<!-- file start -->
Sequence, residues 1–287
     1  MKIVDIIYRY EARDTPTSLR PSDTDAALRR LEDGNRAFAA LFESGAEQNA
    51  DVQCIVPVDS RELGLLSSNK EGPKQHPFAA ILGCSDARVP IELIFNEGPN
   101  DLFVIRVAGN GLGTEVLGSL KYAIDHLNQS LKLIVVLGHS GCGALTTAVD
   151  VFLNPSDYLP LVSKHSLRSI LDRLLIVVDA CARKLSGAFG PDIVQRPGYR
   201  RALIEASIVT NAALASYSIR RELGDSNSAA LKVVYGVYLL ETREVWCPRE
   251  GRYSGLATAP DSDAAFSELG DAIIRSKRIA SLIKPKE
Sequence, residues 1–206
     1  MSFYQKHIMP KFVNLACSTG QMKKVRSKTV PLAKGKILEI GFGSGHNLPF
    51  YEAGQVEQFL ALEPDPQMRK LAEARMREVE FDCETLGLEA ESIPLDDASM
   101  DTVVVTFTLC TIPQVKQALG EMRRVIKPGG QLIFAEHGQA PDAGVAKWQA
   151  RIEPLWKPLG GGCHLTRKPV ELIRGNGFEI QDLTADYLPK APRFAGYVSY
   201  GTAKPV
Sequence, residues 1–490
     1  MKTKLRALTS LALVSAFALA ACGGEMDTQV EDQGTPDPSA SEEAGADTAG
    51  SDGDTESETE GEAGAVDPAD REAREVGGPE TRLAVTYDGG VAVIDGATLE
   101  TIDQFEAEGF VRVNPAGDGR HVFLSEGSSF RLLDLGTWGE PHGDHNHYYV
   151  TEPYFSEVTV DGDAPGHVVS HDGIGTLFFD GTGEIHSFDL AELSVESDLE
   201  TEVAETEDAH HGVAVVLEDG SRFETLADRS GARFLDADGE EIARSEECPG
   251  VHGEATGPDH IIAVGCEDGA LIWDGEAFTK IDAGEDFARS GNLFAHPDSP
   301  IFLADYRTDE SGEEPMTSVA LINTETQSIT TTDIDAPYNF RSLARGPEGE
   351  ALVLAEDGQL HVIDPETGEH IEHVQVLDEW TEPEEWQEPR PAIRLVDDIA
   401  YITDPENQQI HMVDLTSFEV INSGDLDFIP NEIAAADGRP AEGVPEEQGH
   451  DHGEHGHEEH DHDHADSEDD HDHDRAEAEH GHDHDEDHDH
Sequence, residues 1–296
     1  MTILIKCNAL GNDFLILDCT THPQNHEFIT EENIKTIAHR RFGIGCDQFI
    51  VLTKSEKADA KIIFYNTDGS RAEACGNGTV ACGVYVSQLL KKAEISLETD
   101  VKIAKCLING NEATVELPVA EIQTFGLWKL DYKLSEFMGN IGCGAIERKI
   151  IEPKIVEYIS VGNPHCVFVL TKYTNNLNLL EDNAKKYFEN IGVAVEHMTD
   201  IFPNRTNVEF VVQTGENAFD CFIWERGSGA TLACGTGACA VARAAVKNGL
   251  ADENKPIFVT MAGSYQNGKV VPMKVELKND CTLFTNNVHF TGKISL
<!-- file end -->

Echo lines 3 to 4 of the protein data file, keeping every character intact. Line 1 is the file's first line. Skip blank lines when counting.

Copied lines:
    51  DVQCIVPVDS RELGLLSSNK EGPKQHPFAA ILGCSDARVP IELIFNEGPN
   101  DLFVIRVAGN GLGTEVLGSL KYAIDHLNQS LKLIVVLGHS GCGALTTAVD